What advice do you have for cosplayers who are just starting out?
No matter where you live, the internet is your best friend. There’s literally a tutorial for almost anything. When I started cosplaying, there weren’t a lot of resources for me. I think people should start out small and find stuff at the store or in their closet. For O.C. locals, EpicCosplay Wigs in Tustin is a great resource. Although we are an online-based company, we let customers come in, shop, or pick up their order. We’re there to answer any questions to the best of our ability and give customers tips on styling and taking care of the wig.
WonderCon, San Diego Comic-Con, BlizzCon
Chris Villain, as Iceman from “X-Men”
→YouTube content creator and social media specialist
“Some cosplayers get their high from the process of building a costume. For me, it’s the feeling that I get when I have it on, and I feel like ‘Hey, I can kick butt today.’ The characters that I cosplay are so different from everyday life that it just pulls me into their world.”
How did you get into cosplay?
I actually started off on YouTube. I’m a singer by trade and sing for the Disney Parks. I didn’t really know that I was technically cosplaying at the time.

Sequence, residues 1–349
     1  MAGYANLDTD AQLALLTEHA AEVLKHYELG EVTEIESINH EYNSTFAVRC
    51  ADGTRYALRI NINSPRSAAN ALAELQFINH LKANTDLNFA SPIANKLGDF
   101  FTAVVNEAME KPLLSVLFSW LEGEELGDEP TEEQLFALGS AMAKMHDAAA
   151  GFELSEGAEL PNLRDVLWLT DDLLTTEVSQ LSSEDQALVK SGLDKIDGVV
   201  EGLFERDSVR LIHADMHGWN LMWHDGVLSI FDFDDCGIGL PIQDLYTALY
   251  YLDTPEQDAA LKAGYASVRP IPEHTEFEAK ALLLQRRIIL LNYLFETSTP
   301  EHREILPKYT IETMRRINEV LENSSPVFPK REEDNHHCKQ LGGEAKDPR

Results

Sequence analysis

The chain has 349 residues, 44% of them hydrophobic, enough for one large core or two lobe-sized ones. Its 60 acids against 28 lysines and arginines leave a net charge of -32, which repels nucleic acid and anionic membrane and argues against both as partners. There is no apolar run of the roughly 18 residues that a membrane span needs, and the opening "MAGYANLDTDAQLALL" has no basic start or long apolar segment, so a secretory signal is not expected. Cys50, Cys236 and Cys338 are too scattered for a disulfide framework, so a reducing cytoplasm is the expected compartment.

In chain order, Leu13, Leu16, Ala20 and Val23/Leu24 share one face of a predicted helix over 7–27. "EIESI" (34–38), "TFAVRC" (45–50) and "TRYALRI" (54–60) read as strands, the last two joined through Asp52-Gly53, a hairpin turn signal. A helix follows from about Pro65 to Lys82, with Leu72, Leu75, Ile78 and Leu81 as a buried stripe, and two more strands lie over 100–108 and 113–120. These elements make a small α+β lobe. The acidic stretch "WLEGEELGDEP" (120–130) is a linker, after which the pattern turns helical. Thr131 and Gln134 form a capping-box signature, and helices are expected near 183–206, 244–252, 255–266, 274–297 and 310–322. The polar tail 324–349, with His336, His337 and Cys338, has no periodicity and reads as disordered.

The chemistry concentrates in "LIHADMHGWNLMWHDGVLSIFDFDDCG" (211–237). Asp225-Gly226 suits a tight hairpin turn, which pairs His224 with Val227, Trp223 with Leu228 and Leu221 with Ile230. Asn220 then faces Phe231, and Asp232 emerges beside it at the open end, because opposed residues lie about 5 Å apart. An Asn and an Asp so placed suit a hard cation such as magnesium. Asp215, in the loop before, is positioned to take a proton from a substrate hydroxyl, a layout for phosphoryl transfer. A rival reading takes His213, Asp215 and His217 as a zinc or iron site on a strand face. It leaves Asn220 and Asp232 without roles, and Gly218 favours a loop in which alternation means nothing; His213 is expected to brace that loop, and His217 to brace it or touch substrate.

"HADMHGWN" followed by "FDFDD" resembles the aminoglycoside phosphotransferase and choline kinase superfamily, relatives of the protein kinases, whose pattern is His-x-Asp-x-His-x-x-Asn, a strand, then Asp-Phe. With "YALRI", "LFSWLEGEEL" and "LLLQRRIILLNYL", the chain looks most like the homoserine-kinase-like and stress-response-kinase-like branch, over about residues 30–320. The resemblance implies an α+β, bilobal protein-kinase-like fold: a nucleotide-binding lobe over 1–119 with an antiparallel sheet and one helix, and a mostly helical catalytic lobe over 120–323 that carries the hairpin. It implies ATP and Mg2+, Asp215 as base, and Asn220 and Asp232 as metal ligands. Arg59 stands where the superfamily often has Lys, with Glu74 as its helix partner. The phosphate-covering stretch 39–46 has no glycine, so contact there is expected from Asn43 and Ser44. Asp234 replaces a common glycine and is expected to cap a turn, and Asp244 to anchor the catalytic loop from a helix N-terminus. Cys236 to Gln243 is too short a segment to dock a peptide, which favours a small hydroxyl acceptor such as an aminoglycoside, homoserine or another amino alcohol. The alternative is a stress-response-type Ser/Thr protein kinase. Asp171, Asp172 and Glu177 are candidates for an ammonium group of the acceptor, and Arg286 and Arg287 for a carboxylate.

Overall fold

What do you think elevates cosplay from just wearing a costume?
Cosplay is more than just putting on a character’s clothes. It’s becoming that character and knowing their background and lore. A lot of cosplayers do this because we’re genuine fans. Maybe for Halloween, you dress up as someone because you think it’ll look cool. With cosplay, we dress up as a character because we love it. This is our lives.
Can you speak about the craftsmanship involved in cosplay?
Every cosplayer in general, but especially at the higher levels of cosplay, all have their own strengths. A lot of the cosplays that I do are very makeup-based. I feel like there’s a lot of aspects to cosplay. When you see a costume, you don’t realize that a lot of that stuff is just made from scratch and it looks so good. I have a huge admiration for armor builders. I’m a pretty good fabricator in terms of sewing, but armor is not my forte. So anytime I see a good armor build, I think, “Yes, you’re so good at your work!”